Mentions: Since L1 undergoes reverse transcription in the nucleus of the host cell, we initially hypothesized that AID would need to be in the nucleus to inhibit this process. However, since mutation of the L1 DNA by AID is not required to inhibit L1 replication, AID could be acting either within the nucleus or within the cytoplasm, where it is localized predominantly [(61); Figure 4D]. To address this question, we tested a variant of AID that is mostly nuclear because it lacks the last 10 amino acids, which includes the nuclear export sequence (AIDΔC) [(62,63); Figure 4D]. AIDΔC inhibited L1 to the same extent as the wild-type protein (Figure 4).Figure 4.

Bottom Line: We found that AID can inhibit the retrotransposition of L1 through a DNA deamination-independent mechanism.This mechanism may manifest in the cytoplasmic compartment co- or posttranslationally.Together with evidence for AID expression in the ovary, our data combined to suggest that AID has innate immune functions in addition to its integral roles in creating antibody diversity.

View Article: PubMed Central - PubMed

Affiliation: Department of Biochemistry, Molecular Biology and Biophysics, Institute for Molecular Virology, Center for Genome Engineering, University of Minnesota, Minneapolis, MN 55455, USA.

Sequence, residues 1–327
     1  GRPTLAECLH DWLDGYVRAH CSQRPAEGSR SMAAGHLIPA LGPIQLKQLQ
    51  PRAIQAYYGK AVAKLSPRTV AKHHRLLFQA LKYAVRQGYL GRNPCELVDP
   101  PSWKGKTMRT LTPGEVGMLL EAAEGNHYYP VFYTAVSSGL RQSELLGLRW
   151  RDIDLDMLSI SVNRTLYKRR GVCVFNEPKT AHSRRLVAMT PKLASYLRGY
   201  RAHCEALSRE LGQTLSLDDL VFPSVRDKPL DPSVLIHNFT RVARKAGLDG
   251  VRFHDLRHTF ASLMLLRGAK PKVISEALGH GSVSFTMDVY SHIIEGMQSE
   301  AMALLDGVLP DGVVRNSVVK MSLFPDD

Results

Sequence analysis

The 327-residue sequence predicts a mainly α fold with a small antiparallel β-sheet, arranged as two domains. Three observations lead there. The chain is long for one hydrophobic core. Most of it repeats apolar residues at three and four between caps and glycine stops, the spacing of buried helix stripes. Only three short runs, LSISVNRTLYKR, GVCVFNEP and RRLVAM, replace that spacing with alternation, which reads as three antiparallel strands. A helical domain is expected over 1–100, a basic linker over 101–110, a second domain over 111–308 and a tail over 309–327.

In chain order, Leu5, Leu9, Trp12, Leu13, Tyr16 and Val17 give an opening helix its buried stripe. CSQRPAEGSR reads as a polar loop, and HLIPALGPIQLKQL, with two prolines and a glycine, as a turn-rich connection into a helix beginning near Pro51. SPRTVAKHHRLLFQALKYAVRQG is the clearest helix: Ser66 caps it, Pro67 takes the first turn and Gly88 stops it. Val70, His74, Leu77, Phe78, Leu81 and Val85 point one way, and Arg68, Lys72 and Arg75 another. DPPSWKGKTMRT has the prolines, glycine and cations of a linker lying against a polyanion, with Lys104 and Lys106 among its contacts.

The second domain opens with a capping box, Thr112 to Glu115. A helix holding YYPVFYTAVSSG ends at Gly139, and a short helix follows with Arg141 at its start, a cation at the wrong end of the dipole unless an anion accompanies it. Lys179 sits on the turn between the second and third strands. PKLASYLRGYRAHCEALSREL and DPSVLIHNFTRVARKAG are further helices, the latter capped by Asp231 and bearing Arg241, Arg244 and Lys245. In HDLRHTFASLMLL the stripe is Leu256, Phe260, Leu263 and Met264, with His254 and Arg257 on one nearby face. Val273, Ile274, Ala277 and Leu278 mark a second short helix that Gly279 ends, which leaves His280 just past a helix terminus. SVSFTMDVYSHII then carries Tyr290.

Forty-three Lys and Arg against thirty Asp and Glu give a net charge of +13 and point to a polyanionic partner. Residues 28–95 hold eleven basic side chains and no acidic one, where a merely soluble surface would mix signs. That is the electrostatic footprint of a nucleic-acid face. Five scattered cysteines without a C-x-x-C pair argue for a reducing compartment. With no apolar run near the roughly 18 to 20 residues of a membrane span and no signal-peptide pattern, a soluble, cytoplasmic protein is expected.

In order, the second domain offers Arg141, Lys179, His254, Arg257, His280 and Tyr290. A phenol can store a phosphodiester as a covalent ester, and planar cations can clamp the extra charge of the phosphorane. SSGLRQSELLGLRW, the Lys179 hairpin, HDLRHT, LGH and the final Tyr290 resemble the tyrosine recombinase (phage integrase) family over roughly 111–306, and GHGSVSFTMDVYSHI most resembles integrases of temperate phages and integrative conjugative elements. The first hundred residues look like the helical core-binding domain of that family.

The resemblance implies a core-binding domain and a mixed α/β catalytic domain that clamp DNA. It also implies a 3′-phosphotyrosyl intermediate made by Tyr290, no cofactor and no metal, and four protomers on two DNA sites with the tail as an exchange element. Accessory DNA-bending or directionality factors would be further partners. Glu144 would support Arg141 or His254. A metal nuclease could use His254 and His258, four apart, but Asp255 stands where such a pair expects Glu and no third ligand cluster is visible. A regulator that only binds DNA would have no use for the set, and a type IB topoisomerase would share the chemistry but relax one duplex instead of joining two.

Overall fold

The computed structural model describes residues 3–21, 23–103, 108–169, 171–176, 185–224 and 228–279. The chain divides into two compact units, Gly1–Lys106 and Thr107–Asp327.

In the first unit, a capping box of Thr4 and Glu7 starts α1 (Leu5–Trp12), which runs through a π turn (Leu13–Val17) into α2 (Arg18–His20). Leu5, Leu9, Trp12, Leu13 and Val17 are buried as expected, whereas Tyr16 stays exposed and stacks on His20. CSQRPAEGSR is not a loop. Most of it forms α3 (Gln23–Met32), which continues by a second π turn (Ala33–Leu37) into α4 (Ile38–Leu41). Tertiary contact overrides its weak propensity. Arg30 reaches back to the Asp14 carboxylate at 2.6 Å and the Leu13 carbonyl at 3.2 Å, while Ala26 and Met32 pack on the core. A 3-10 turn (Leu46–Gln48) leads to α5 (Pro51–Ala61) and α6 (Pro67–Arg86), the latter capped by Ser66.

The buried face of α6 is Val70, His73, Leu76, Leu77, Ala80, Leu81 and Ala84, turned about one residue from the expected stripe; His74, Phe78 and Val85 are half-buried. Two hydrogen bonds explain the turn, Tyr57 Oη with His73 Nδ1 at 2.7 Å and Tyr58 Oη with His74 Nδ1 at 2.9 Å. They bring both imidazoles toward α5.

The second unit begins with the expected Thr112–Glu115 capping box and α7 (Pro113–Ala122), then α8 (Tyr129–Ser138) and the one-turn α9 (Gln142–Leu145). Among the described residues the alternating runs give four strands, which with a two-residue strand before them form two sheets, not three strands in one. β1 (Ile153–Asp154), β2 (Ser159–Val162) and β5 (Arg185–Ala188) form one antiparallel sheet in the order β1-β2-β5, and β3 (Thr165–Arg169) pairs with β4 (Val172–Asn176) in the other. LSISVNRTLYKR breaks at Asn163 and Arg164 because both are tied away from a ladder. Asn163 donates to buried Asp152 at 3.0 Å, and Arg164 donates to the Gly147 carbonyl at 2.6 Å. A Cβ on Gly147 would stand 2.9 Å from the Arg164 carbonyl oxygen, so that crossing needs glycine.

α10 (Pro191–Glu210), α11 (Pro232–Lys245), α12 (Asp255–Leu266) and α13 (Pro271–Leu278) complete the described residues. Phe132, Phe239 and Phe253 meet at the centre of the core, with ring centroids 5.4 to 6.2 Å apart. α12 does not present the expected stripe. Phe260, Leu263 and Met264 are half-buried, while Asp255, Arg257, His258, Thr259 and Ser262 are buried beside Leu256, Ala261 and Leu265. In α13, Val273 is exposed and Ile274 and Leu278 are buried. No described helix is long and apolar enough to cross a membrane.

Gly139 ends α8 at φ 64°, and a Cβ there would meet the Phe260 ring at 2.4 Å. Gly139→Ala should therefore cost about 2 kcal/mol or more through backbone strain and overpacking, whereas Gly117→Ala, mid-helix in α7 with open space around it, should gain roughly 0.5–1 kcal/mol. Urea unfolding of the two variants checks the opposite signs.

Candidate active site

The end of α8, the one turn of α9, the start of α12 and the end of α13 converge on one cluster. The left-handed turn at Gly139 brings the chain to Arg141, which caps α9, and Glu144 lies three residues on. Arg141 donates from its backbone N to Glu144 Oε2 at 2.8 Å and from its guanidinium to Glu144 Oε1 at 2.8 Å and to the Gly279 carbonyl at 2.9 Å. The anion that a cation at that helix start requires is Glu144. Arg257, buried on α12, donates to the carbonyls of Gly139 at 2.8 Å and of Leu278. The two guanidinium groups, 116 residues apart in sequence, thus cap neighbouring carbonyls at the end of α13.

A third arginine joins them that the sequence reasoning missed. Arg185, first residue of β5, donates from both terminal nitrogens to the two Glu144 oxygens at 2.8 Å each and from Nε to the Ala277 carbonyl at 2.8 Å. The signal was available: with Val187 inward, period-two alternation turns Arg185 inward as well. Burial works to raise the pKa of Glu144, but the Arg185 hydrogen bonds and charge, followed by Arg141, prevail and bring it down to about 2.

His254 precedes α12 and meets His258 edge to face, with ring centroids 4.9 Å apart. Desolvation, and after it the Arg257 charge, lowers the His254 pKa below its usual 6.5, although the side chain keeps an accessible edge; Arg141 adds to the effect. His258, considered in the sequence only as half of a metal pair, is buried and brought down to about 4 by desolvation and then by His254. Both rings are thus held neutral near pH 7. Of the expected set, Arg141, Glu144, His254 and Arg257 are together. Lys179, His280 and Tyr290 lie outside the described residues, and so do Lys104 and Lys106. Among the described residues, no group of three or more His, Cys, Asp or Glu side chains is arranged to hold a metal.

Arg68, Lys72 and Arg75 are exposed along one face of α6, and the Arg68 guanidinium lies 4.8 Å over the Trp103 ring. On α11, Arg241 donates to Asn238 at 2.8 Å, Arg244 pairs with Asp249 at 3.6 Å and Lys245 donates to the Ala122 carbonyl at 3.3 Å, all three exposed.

ABSTRACT
Retrotransposons make up over 40% of the mammalian genome. Some copies are still capable of mobilizing and new insertions promote genetic variation. Several members of the APOBEC3 family of DNA cytosine deaminases function to limit the replication of a variety of retroelements, such as the long-terminal repeat (LTR)-containing MusD and Ty1 elements, and that of the non-LTR retrotransposons, L1 and Alu. However, the APOBEC3 genes are limited to mammalian lineages, whereas retrotransposons are far more widespread. This raises the question of what cellular factors control retroelement transposition in species that lack APOBEC3 genes. A strong phylogenetic case can be made that an ancestral activation-induced deaminase (AID)-like gene duplicated and diverged to root the APOBEC3 lineage in mammals. Therefore, we tested the hypothesis that present-day AID proteins possess anti-retroelement activity. We found that AID can inhibit the retrotransposition of L1 through a DNA deamination-independent mechanism. This mechanism may manifest in the cytoplasmic compartment co- or posttranslationally. Together with evidence for AID expression in the ovary, our data combined to suggest that AID has innate immune functions in addition to its integral roles in creating antibody diversity.

Show MeSH
Related in: MedlinePlus